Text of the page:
The Karadzic chamber didn't stop at finding that the evidence against Milosevic was merely "insufficient" either. As I observed in my original article, the judges went beyond that and cited exculpatory evidence showing that he opposed ethnic cleansing and sought a political solution that was fair to the Muslims and the Croats, facts which Ms. Knezevic completely and dishonestly ignores in her argument.
Instead, she launches into an ad hominem attack on Neil Clark, calling him "a leading apologist ... for Serbian war crimes" without presenting one scrap of evidence that he has ever condoned war crimes committed by Serbs or anyone else. Then she tries her hand at amateur psychology saying "He seems to enjoy the notoriety of being contrarian, even if it means proclaiming the innocence of war criminals and mass murderers."
Ms. Knezevic sneers that "Clark and his ilk can continue to imagine an alternate reality" ... then in the very next paragraph she claims that Slobodan Milosevic was the President of Yugoslavia in 1992 (he wasn't the president of Yugoslavia until 1997), which goes to show that the director of RFE/RL’s Balkan Service is a fool who doesn't even know basic facts about the country she's reporting on -- facts like the correct identity of the president.
She links to a bizarre rant against the Ron Paul Institute because she says it helps her "understand the background and motives of Milosevic's apologists abroad".
Then she continues her Sigmund Freud act by claiming that "the dangerous delusions" of the Serbian people "led to the catastrophic wars of the 1990s," before accusing them of being in "denial of war crimes" committed in their name.
As an American, if my taxes weren't paying for RFE/RL to disseminate this nonsense, I'd be laughing at the fools who hired her and pay her salary. Unfortunately, I'm the schmuck whose taxes are paying for this. I look around my country and I see Detroit in shambles, I see a skyrocketing murder rate in Chicago, I see homeless people sleeping on the streets, but instead of fixing that we've got RFE/RL paying a Serbian Uncle Tom to denigrate her own people. I don't know about you, but that doesn't strike me as a particularly useful expenditure of taxpayer dollars.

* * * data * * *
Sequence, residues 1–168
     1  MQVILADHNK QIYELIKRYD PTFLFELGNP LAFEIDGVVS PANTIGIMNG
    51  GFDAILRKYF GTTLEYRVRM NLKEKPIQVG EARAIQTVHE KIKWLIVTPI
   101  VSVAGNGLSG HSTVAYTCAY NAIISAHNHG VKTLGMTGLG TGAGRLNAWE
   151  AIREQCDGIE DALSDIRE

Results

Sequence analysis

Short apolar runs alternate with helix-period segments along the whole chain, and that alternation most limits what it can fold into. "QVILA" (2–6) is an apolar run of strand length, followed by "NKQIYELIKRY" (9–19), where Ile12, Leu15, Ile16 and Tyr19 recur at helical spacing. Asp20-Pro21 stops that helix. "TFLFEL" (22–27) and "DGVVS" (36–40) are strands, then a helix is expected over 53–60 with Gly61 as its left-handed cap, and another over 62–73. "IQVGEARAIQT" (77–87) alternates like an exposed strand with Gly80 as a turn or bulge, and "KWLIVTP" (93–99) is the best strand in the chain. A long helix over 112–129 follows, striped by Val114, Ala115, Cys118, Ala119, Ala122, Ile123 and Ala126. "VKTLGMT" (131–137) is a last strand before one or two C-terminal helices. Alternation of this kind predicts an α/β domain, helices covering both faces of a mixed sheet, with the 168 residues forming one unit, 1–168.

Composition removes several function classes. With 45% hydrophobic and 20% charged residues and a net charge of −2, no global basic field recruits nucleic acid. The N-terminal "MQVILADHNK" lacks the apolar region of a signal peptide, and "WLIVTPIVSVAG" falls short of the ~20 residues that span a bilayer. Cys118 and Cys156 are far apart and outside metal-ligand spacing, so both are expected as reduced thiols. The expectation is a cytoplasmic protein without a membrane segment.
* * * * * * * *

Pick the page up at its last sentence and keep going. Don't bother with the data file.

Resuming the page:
She says, "If one rather bland, months-old, morsel of legalistic caveat is the prize catch for Clark after trawling through several thousand pages of transcripts of the Karadzic trial, then it is a rather poor one. One is left with the impression that apologists for dictators and deniers of mass crimes continue to excel in the mendacious art of clutching at straws -- in this case, a single straw."
If Ms. Knezevic thinks the exoneration of one of the most vilified men of the 1990s for the most serious crimes he was accused of is just a "bland legalistic caveat" especually when the allegations against him were used to bomb and impose sanctions on his country, then I suppose she's entitled to that opinion, but if she thinks this is the only interesting morsel that's going to come out of the Karadzic proceedings, then she's got another thing coming. If she thinks the Karadzic trial proceedings support her agenda and her version of events with regard to "the causes of the breakup of Yugoslavia, and Serbia's role in the wars," then she will be sorely disappointed if she ever bothers to come down off her high horse long enough to do her job as a journalist and go "trawling through several thousand pages of transcripts of the Karadzic trial" for herself.
# # #